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Pirker R.,Medical University of Vienna | Pereira J.R.,Arnaldo Vieira Of Carvalho Cancer Institute | Von Pawel J.,Asklepios Fachkliniken | Krzakowski M.,Maria Curie Sklodowska University | And 10 more authors.
The Lancet Oncology | Year: 2012

Background: Findings from the phase 3 First-Line ErbituX in lung cancer (FLEX) study showed that the addition of cetuximab to first-line chemotherapy significantly improved overall survival compared with chemotherapy alone (hazard ratio [HR] 0·871, 95% CI 0·762-0·996; p=0·044) in patients with advanced non-small-cell lung cancer (NSCLC). To define patients benefiting most from cetuximab, we studied the association of tumour EGFR expression level with clinical outcome in FLEX study patients. Methods: We used prospectively collected tumour EGFR expression data to generate an immunohistochemistry score for FLEX study patients on a continuous scale of 0-300. We used response data to select an outcome-based discriminatory threshold immunohistochemistry score for EGFR expression of 200. Treatment outcome was analysed in patients with low (immunohistochemistry score <200) and high (≥200) tumour EGFR expression. The primary endpoint in the FLEX study was overall survival. We analysed patients from the FLEX intention-to-treat (ITT) population. The FLEX study is registered with ClinicalTrials.gov, number NCT00148798. Findings: Tumour EGFR immunohistochemistry data were available for 1121 of 1125 (99·6%) patients from the FLEX study ITT population. High EGFR expression was scored for 345 (31%) evaluable patients and low for 776 (69%) patients. For patients in the high EGFR expression group, overall survival was longer in the chemotherapy plus cetuximab group than in the chemotherapy alone group (median 12·0 months [95% CI 10·2-15·2] vs 9·6 months [7·6-10·6]; HR 0·73, 0·58-0·93; p=0·011), with no meaningful increase in side-effects. We recorded no corresponding survival benefit for patients in the low EGFR expression group (median 9·8 months [8·9-12·2] vs 10·3 months [9·2-11·5]; HR 0·99, 0·84-1·16; p=0·88). A treatment interaction test assessing the difference in the HRs for overall survival between the EGFR expression groups suggested a predictive value for EGFR expression (p=0·044). Interpretation: High EGFR expression is a tumour biomarker that can predict survival benefit from the addition of cetuximab to first-line chemotherapy in patients with advanced NSCLC. Assessment of EGFR expression could offer a personalised treatment approach in this setting. Funding: Merck KGaA. © 2012 Elsevier Ltd.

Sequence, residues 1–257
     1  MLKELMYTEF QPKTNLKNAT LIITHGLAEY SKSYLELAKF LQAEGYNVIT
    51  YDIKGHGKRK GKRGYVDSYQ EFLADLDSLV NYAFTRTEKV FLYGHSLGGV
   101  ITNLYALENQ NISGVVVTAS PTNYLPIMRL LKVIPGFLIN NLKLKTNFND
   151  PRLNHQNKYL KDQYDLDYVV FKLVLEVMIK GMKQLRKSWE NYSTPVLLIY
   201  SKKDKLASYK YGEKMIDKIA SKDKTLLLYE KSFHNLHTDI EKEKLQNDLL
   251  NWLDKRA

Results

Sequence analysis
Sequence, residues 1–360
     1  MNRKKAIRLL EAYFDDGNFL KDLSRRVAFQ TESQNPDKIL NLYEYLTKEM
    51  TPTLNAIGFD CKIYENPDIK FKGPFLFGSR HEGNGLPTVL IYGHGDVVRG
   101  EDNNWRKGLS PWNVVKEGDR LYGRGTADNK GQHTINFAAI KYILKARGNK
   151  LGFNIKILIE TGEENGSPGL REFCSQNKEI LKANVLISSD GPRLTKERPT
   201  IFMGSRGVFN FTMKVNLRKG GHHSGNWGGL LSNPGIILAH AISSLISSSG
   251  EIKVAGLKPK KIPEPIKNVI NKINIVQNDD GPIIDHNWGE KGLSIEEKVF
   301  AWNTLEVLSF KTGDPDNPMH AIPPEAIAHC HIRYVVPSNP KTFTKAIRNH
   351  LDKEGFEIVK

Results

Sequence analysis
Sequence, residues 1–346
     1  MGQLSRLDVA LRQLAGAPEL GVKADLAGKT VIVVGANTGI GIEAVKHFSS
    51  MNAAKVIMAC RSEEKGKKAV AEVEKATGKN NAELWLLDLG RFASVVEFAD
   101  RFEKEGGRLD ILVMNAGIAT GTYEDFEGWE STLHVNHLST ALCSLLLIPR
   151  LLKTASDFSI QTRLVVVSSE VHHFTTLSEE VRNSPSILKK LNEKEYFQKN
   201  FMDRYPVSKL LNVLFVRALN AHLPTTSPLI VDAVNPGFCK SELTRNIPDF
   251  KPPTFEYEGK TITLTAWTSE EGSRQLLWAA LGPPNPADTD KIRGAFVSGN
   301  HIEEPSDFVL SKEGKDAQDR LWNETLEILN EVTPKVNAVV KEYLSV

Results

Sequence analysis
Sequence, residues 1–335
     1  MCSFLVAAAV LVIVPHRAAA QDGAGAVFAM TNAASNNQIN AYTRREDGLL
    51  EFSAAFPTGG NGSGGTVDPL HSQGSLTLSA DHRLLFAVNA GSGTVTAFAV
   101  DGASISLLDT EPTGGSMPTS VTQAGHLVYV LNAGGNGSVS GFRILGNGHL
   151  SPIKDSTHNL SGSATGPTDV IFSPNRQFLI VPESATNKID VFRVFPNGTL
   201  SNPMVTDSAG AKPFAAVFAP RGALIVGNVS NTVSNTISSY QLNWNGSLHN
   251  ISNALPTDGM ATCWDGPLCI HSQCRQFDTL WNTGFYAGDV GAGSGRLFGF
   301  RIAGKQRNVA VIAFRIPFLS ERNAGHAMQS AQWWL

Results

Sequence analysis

Gatzemeier U.,Hospital Grosshansdorf | von Pawel J.,Zentrum fuer Onkologie | Vynnychenko I.,Sumy Regional Oncology Center | Zatloukal P.,Charles University | And 8 more authors.
The Lancet Oncology | Year: 2011